We have a loving Father, who by His very being, must be feared as only He deserves. He is holy, and in His love, He tells us we are to be holy. We need to obey, respect, reverence and fear the Creator of all, Ruler of all, Judge of all, Lord of all, our Holy God. This proper fear should change and motivate us to righteous living. Though our culture shuns the idea of fearing God, a proper fear of God is good, healthy, and righteous.  Throughout Psalms, Proverbs, and wisdom literature it is made clear that fear of the Lord is the beginning of knowledge, gives wisdom, prolongs life, leads to His blessing, encourages and sustains faith.  For in His power, wisdom, and knowledge He watches over and enriches our lives.  Solomon affirms this in Ecclesiastes 12:13, “The conclusion, when all has been heard, is fear God and keep His commandments, because this applies to every person.” My interpretation is, life has the most meaning when lived in the fear of the Lord.

The Apostle Paul in 2 Corinthians writes, we should walk by faith, not by sight, because we will all appear before the judgment seat of Christ. This will be a day of judgment for all mankind in which we all give an account of our lives to Him.  This truth affects how we are to live.  And we are particularly exhorted in scripture to recognize this reality of future judgment when experiencing trying times and God’s discipline.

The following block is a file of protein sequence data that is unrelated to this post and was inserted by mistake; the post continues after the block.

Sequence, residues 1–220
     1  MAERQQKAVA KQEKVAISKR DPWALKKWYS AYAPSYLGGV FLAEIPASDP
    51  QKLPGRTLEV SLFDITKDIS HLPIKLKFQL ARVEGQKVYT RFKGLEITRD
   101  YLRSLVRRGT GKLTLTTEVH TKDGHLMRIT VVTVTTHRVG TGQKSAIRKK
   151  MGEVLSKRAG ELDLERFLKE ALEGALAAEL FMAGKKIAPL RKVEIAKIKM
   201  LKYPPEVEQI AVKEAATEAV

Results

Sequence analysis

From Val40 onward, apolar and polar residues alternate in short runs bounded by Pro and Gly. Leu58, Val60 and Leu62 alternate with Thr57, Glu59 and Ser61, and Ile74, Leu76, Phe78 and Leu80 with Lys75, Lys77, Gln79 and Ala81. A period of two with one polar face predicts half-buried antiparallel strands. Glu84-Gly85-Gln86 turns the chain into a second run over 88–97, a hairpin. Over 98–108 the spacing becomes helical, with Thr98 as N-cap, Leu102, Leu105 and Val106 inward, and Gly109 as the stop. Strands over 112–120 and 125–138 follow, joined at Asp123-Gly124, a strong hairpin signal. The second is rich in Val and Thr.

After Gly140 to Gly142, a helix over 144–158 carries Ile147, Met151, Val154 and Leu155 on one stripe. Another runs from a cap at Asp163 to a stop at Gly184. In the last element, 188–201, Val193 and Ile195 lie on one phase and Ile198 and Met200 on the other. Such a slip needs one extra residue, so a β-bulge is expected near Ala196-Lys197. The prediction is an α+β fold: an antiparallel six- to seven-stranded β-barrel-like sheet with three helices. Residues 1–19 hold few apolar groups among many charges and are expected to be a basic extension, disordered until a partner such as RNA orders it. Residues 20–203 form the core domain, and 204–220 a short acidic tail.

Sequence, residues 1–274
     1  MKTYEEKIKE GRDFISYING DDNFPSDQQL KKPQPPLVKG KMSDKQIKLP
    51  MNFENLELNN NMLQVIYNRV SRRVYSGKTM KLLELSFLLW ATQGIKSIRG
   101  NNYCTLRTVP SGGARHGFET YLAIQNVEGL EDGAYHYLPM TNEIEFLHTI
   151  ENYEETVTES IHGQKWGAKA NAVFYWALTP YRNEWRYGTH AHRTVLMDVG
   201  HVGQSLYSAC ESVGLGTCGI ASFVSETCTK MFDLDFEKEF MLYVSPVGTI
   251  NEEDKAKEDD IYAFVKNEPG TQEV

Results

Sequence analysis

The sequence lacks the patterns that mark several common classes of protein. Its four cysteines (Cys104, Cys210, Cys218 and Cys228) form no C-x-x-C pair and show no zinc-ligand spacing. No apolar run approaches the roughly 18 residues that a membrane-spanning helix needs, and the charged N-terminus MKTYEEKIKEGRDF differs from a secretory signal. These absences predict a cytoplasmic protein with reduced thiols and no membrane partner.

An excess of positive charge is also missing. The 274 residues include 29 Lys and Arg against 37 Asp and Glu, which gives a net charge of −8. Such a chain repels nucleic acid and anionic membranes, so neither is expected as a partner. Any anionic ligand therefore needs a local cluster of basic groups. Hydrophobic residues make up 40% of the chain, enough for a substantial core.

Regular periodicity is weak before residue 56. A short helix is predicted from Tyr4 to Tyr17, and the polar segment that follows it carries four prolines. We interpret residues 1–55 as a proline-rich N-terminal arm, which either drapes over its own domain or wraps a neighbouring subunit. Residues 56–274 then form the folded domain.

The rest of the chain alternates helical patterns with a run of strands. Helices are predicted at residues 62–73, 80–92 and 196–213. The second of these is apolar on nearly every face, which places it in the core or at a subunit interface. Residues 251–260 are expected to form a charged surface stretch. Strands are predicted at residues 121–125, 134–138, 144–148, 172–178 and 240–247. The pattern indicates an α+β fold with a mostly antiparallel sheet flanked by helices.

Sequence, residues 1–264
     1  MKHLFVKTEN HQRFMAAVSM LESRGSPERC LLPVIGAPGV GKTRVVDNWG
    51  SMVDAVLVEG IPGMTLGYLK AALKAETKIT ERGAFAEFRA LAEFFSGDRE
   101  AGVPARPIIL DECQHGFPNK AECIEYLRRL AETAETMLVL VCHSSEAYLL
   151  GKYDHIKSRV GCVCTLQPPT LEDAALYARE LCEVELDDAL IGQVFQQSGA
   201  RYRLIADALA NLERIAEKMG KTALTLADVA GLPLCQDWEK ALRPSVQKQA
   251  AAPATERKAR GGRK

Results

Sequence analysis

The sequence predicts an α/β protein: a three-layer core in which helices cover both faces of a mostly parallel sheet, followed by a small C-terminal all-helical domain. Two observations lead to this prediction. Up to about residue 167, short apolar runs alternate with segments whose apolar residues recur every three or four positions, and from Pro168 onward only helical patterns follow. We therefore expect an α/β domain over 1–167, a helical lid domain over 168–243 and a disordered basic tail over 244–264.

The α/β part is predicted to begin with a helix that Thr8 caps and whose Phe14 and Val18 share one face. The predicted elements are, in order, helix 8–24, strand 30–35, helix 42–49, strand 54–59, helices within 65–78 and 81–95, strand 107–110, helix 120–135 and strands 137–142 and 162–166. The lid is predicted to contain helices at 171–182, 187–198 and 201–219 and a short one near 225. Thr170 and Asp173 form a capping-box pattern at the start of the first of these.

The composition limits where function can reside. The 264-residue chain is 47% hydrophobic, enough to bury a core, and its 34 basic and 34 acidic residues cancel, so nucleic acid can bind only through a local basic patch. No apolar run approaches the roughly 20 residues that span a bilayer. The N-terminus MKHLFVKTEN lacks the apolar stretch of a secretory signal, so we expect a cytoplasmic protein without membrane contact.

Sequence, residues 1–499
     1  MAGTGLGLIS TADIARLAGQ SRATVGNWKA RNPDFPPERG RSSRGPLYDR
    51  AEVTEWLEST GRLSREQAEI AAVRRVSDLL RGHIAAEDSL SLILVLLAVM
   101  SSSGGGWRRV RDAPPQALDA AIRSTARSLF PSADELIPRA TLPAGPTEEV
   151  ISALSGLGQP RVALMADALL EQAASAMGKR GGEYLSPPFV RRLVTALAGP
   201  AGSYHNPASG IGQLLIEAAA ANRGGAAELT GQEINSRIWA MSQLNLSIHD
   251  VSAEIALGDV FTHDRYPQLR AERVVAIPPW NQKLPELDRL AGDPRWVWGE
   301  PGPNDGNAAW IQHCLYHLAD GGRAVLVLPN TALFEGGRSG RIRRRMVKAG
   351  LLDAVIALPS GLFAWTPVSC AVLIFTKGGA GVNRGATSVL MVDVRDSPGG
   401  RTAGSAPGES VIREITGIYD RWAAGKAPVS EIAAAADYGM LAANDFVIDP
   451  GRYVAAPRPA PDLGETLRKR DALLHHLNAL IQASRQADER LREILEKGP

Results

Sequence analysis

Additionally, the New Testament teaches that we should honor the sacrifice and death of Jesus, with an understanding that God Himself came and died for our sins. In Peter 1:17-19, the Apostle Peter instructs us to, “conduct ourselves in fear…for you were not redeemed with perishable things like silver or gold from your futile way of life inherited from your forefathers, but with precious blood, as of a lamb unblemished and spotless, the blood of Christ.”

It has been a number of years since my conversion, but I am further convinced that a proper fear of the Lord is freeing and completely good.  Ultimately, we fear God because of who He is and what He has done. This is attested to by the church in Acts 9: 31, “So the church throughout all Judea and Galilee and Samaria enjoyed peace, being built up; and going on in the fear of the Lord and in the comfort of the Holy Spirit, it continued to increase.”

Readings: Ecclesiastes 8:12-10:10

Discussion Questions:

  • How do you understand the fear of God in your Christian life?
  • What scriptures are especially significant to you regarding the fear of the Lord from these following verses?  Proverbs 1:7, 2:1-6, 3:7, 10:27; Psalms 25:12-15, 34:11, 103:6-14; Ecclesiastes 3:4, 5:7, 7:18, 8:12, 12:3. 
  • How would you describe the idea of “fearing God” and why we should fear Him?
  • How do you reconcile God’s love and the importance of fearing Him?

Daily Readings:

4/15 Luke 22:1-38

4/16 Luke 22:39-62

4/17 Luke 22:63-23:25

4/18 Luke 23:26-43

4/19 Luke 23:44-56

4/20-21- Luke 24:1-35

Prayer Focus: As we have considered investing and inviting someone to church over the past several weeks, let’s pray for our family, friends, neighbors and co-workers that they would be open to an invitation to church.